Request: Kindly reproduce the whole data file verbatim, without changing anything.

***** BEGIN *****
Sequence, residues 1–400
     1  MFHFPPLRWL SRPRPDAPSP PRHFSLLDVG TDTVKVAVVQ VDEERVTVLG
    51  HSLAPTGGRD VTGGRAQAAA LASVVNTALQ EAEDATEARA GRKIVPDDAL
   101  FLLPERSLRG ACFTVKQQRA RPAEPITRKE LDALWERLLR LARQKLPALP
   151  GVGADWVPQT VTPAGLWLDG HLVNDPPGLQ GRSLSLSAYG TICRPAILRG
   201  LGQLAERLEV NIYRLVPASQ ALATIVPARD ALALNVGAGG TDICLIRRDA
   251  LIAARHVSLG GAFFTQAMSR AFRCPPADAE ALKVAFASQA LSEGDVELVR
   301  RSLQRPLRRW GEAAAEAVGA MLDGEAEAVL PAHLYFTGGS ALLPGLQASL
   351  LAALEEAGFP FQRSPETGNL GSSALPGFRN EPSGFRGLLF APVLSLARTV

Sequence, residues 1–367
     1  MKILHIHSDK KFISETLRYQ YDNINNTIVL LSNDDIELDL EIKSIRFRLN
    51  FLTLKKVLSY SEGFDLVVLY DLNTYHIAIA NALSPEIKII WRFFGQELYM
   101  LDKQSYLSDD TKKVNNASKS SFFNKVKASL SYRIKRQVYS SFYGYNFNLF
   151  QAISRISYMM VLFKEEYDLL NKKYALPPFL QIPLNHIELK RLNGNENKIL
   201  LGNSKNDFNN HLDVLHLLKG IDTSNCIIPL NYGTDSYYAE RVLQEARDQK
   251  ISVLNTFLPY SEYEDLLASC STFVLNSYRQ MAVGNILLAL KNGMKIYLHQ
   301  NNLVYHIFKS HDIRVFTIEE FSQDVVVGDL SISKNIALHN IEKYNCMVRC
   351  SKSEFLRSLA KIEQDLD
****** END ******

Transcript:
Sequence, residues 1–400
     1  MFHFPPLRWL SRPRPDAPSP PRHFSLLDVG TDTVKVAVVQ VDEERVTVLG
    51  HSLAPTGGRD VTGGRAQAAA LASVVNTALQ EAEDATEARA GRKIVPDDAL
   101  FLLPERSLRG ACFTVKQQRA RPAEPITRKE LDALWERLLR LARQKLPALP
   151  GVGADWVPQT VTPAGLWLDG HLVNDPPGLQ GRSLSLSAYG TICRPAILRG
   201  LGQLAERLEV NIYRLVPASQ ALATIVPARD ALALNVGAGG TDICLIRRDA
   251  LIAARHVSLG GAFFTQAMSR AFRCPPADAE ALKVAFASQA LSEGDVELVR
   301  RSLQRPLRRW GEAAAEAVGA MLDGEAEAVL PAHLYFTGGS ALLPGLQASL
   351  LAALEEAGFP FQRSPETGNL GSSALPGFRN EPSGFRGLLF APVLSLARTV

Sequence, residues 1–367
     1  MKILHIHSDK KFISETLRYQ YDNINNTIVL LSNDDIELDL EIKSIRFRLN
    51  FLTLKKVLSY SEGFDLVVLY DLNTYHIAIA NALSPEIKII WRFFGQELYM
   101  LDKQSYLSDD TKKVNNASKS SFFNKVKASL SYRIKRQVYS SFYGYNFNLF
   151  QAISRISYMM VLFKEEYDLL NKKYALPPFL QIPLNHIELK RLNGNENKIL
   201  LGNSKNDFNN HLDVLHLLKG IDTSNCIIPL NYGTDSYYAE RVLQEARDQK
   251  ISVLNTFLPY SEYEDLLASC STFVLNSYRQ MAVGNILLAL KNGMKIYLHQ
   301  NNLVYHIFKS HDIRVFTIEE FSQDVVVGDL SISKNIALHN IEKYNCMVRC
   351  SKSEFLRSLA KIEQDLD